The ‘Nutri-Fit Programme’ at the University Hospital of the Kotelawala Defence University manages overweight and obese children. Conducted through the Paediatric Clinic of the hospital, the programme emphasizes on becoming healthier and more fit rather than losing weight. “Weight loss inevitably happens as a result of this approach,” explains the professor who goes on to note that this facility is extended to healthy cooking demonstrations for children, exercise and yoga sessions.

Obese children need to be empowered to overcome psychological trauma the condition entails, remarks the Consultant. Destigmatizing obesity, motivational counseling, removing the guilt stigma, making them partners in achieving the target, emphasizing health rather than obesity, identifying their strengths and encouraging them and early involvement of a clinical psychologist in addressing these issues are among the tools of empowerment. Severe cases of obesity may need certain medications.



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‘Manamala Hendewa’ at Nelum Pokuna today

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The Nelum Pokuna Performing Arts Theatre will once again play host to the solo music concert titled “Manamala Hendewa” by the popular vocalist and musician Keerthi Pasquel on occasion of his birthday today.

The concert titled “මනමාල හැන්දෑව” will likely be Keerthi’s most successful performance to date. The show’s music will be provided by a seasoned band led by Nalaka Saji Jayasinghe, with guest appearances from artists like Chandralekha Perera, Nirosha Virajini, Samitha Mudunkotuwa, and Dammika Bandara for duets. Each member of the audience should leave with a lasting impression of the performance.

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A fish that sparked a national obsession

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Bacalhau (salt cod) is a deep part of Portugal’s culinary identity. But the fish is found far from the country’s shores, so how did this love affair come to be and continue today?

On a cold winter’s evening in Portugal, it might come to your table com natas – fresh from the oven and bubbling in cream – layered between fried potato and sliced onion and spiced with nutmeg. Weaving through Lisbon’s steep and cobbled streets, it wouldn’t take long before you found someone serving it as a light and crispy fritter, dusted with a little coarse salt and dished up with a pot of pungent aioli. You could buy it shaped as mouth-sized fried potato dumplings pastéis style, flavoured with parsley and garlic, for a walk along the banks of Porto’s Douro River. You might even come across it as part of a hearty southern bread soup, topped with coriander and a poached egg.

That’s because bacalhau – or salt cod – which sits at the heart of all these dishes, runs deep through Portugal’s culinary identity, with the country consuming 20% of the world’s supply. In fact, so central to Portuguese hearts (and stomachs) is this ingredient, that the saying goes “there are 365 ways to prepare salted cod, one for each day of the year”.

But for a fish that is found only in the icy depths of the North Atlantic Ocean – far from Portugal’s shores – the country’s love affair with salt cod is a puzzling one. How exactly did it end up on Portuguese plates? The answer is wrapped up in more than 500 years of intriguing history.

Take a trip today to most restaurants, markets and cafés across the country and you’ll find salt cod in one form or another. It even plays a starring role at hip Lisbon restaurant Alma, which earned its first Michelin star within nine months of opening and added a second star soon after.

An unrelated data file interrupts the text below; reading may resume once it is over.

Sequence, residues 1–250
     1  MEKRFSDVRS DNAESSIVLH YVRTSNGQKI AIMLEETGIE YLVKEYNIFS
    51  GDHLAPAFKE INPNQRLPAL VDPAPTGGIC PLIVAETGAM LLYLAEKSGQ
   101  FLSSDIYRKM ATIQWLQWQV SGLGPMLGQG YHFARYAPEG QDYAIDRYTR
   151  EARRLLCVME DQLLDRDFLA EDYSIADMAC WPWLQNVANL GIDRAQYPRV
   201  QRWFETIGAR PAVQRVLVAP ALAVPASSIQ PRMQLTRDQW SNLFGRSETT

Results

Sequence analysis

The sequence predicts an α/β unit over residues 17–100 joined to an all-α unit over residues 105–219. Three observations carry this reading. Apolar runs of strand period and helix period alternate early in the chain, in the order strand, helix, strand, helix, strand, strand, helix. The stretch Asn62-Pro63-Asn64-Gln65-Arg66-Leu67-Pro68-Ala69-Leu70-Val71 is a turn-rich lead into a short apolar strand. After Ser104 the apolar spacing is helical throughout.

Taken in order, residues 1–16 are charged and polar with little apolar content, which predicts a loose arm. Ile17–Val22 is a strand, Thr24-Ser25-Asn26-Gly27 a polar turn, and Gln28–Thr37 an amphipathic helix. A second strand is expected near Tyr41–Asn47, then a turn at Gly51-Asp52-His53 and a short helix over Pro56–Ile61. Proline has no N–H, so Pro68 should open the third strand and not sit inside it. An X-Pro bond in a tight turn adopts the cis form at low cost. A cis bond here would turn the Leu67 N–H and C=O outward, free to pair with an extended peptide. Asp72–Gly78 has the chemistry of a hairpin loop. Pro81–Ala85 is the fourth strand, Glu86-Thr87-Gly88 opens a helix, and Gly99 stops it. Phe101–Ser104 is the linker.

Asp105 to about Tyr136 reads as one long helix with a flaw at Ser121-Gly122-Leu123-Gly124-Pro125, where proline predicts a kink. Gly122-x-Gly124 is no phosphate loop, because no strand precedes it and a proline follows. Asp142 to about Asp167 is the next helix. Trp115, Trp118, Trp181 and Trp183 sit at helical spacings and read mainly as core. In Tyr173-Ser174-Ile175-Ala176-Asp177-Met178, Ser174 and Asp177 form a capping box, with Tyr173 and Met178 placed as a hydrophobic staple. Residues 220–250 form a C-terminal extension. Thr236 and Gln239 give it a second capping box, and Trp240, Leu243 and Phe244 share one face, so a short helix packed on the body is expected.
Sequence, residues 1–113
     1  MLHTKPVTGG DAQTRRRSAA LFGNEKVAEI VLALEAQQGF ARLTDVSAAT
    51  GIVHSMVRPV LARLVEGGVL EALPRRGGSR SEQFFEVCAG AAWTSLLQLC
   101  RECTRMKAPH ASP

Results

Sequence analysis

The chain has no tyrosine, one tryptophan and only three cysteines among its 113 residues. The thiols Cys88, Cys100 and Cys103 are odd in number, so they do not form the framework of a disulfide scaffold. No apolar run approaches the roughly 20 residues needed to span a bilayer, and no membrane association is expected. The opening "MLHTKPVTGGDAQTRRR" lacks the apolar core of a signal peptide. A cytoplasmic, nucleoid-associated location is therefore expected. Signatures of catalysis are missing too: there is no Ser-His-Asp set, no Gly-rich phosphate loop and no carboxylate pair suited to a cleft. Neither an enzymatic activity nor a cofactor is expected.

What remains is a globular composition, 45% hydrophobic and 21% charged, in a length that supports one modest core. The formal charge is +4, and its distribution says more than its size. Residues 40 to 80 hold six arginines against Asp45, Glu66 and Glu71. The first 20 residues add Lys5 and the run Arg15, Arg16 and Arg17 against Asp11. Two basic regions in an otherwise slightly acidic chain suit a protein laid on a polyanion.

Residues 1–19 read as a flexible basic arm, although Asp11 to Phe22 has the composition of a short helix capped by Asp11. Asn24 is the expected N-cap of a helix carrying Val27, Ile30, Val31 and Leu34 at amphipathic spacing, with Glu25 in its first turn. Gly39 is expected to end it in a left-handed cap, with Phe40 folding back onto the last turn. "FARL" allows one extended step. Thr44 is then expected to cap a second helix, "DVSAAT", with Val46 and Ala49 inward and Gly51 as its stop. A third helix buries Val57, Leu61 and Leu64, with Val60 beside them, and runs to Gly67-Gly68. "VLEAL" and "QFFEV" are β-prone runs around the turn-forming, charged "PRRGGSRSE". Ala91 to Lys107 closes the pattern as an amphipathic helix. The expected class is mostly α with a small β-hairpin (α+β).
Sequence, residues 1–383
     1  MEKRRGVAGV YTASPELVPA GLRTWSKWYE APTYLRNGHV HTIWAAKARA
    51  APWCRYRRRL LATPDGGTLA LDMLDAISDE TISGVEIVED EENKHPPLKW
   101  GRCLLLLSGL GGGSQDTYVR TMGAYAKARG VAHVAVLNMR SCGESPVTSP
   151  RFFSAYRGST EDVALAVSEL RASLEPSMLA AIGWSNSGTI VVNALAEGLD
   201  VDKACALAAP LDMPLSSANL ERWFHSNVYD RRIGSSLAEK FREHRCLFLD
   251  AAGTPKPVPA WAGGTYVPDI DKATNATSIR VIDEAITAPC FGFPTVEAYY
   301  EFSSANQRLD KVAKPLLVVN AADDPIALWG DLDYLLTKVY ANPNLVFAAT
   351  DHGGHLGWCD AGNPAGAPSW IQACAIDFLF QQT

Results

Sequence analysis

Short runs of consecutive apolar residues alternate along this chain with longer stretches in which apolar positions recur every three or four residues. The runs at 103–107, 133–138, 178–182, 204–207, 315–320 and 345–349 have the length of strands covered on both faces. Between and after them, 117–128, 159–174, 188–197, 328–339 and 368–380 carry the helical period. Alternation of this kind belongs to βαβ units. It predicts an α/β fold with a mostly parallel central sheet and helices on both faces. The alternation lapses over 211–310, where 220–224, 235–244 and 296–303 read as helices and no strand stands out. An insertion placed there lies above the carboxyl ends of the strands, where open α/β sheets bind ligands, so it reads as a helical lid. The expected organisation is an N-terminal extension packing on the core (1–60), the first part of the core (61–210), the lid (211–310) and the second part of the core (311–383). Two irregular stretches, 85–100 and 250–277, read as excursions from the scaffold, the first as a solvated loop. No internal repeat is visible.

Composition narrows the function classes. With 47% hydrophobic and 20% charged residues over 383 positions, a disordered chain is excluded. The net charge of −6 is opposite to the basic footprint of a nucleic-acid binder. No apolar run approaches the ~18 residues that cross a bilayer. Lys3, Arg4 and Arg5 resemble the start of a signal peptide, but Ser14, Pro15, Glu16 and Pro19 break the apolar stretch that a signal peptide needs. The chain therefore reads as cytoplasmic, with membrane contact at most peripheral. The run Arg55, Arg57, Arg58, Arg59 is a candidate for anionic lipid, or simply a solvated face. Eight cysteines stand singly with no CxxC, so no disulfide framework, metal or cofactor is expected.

“It’s funny, sometimes Michelin star chefs or high-end cuisine chefs don’t value salted cod because they don’t see it [fitting] within this type of gastronomy,” said Alma executive chef and owner Henrique Sá Pessoa, of the typically humble comfort food. “But I always have and always will have cod on my menus.”

He assures visitors that a salt cod creation will also feature on the menu of his new restaurant, JOIA, which will open in London later this year. But though bacalhau is a traditional and well-explored ingredient for many natives across the country, Pessoa is still finding ways to push Portugal’s love for it into new territory.

Case in point: his “most Instagrammable” creation, Cobblestreet Cod, named for its likeness to the centuries-old streets outside Alma’s front door in the historical Chiado district. It’s a modern twist on an old peasant dish and one of the country’s most beloved salt cod recipes – bacalhau à bras – where typically shredded salt cod, fried matchstick potatoes and onions are all bound together with scrambled egg and garnished with black olives.

“I knew I couldn’t call it bacalhau à bras because the Portuguese are quite traditional, and people sometimes get offended when you play around with classics,” he explained. “I wanted to get inspired by this dish but elevate it presentation-wise, texture-wise and detail-wise into something more delicate and elaborate.”

The outcome is far removed from the version you’d find on family dinner tables. A creamy mixture of salt cod, fried potato, egg and onion arrives at the table hidden under a veil of wafer-thin slices of cod that have been coated in a black olive tapenade to create a cobbled visual. A final surprise comes when you break into the cobbled dome and spilt a confit egg yolk that has been resting in the middle of the salted cod mixture.

“I wanted to dislocate all these elements of the dish and try and make it as perfect as possible. When we launched it in the restaurant, it was an instant success. It was especially popular on social media because visually it is quite striking,” said Pessoa.